Thu, 23 Feb 2017 00:00 UTC
WITNESS SAID PURINTON YELLED "GET OUT OF MY COUNTRY"
The suspect in the shooting, Adam Purinton, was drinking at the bar in Olathe, Kansas, at about 7:15PM that night, the Kansas City Star reported. A witness said he yelled "get out of my country" to two of the victims, reportedly saying the men, believed to originally be from India, were "Middle Eastern."
At a press conference, a local prosecutor said Purinton has been charged with one count of premeditated first degree murder, and two counts of attempted premeditated first degree murder. He is awaiting extradition to Kansas from Missouri, according to officials. An FBI official said the agency is investigating with local police. It's unclear for now if Purinton will be charged with a federal hate crime. He is under a $2 million bond.
Thu, 23 Feb 2017 23:32 UTC
A German citizen, 26, whose name has not been revealed yet, was detained on Wednesday in the German town of Northeim, in the northwestern state of Lower Saxony. He is suspected of preparing to commit a "grave violent offense against the state" and of attempted murder, the statement issued by the regional police department in Goettingen and the regional Prosecutor General's Office in Celle says.
Teshreen News / Fort Russ News
Wed, 22 Feb 2017 23:25 UTC
Already in October the festivity displayed a rather diverse offering of goods, most of which were clothing and food products, made available by more than 110 companies attending the event. The largest price reduction of the goods was seen between 35-50%, while the smallest ones being between 20-25%. Some of the visitors, however, said that not all products had their prices reduced when compared with the prices on the regular market and the clothing and footwear products did usually not see a price reduction higher than 7%.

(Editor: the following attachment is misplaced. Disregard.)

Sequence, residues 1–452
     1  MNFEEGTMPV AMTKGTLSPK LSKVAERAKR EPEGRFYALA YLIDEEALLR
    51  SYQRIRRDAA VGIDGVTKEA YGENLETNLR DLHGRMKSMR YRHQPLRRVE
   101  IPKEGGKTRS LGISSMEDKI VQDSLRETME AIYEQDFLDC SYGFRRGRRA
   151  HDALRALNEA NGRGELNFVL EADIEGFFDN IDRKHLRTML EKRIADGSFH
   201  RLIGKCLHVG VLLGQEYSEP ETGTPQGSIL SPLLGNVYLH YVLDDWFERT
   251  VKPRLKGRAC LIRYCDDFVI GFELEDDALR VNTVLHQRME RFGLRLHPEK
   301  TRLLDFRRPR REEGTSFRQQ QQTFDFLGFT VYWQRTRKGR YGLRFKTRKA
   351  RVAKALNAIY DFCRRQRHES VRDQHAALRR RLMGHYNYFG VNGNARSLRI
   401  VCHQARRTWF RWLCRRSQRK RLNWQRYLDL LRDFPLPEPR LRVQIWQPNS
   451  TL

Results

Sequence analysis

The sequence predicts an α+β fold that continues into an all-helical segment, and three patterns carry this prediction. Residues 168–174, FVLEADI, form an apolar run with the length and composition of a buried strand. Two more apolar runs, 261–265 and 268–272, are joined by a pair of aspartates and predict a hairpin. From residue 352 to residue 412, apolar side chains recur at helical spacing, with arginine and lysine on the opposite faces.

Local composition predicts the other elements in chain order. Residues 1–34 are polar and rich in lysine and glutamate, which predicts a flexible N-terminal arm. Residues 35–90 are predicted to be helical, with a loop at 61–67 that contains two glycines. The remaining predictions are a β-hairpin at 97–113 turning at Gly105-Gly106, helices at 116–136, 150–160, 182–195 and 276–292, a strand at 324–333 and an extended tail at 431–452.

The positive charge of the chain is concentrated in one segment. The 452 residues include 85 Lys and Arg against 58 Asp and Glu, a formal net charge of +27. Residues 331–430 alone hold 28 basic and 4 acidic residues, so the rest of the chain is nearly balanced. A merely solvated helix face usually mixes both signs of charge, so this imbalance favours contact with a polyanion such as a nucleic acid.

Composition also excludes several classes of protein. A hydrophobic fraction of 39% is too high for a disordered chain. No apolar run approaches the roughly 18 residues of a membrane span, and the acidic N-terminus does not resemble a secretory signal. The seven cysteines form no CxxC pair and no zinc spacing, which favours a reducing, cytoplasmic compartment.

Thu, 23 Feb 2017 22:03 UTC
The 29-year-old man was arrested on Wednesday at Luton airport in southern England by officers from the UK's National Crime Agency (NCA) at the request of the German police, The Local reported.
"The Briton stands accused of attempted computer sabotage in a particularly serious case," German federal police and prosecutors said in a statement, adding that they will now seek the hacker's extradition.
Anti-Smoking Fascism: Doctors in the US are refusing to operate on smokers - and the trend is growing
Thu, 23 Feb 2017 20:57 UTC
"It's just not right," said the Charlotte man, who suffers from chronic hip and leg pain. "I need this surgery. It's to the point where I can't walk around the block with my dogs."
He acknowledged smoking is a "bad habit," but after 35 years, he's not sure he can quit. And he doesn't think he should have to.
"It didn't used to be this way," he said. "Everybody's got on their little righteous path.... My grandfathers on both sides smoked their entire lives. They didn't die until one of them was 92, and one of them was 88."
No doubt, genetics play a huge role in how healthy we are and how long we live. But personal behavior is also a big factor.
Thu, 23 Feb 2017 19:48 UTC
The statue stands outside the Cottage Avenue Pentecostal Fellowship in Indianapolis and was decapitated for the first time two weeks ago. The head was left behind and the church was able to quickly reattach it. In the second incident, the vandals took the head with them.
"The first time is vandalism, the second time there's got to be a hatred to it," churchgoer Leroy Myers, whose daughter donated the statue five years ago, told RTV6.
Church officials don't know if or when the headless statue, which remains outside the front door, will ever be repaired as the missing part has not been found.
"It's still headless, we haven't gotten it fixed yet," Pastor Brad Flaskamp told CNN. "Don't know if we can."
Thu, 23 Feb 2017 20:48 UTC
The pontiff made the comments during a private mass in his residence on Thursday morning in which he criticized some of the 1.2 billion members of the Roman Catholic Church by saying: "It is a scandal to say one thing and do another. That is a double life."
Pope Francis has previously lamented parishioners who become "parrots" who indulge in prayer but do not perform good deeds in the service of God.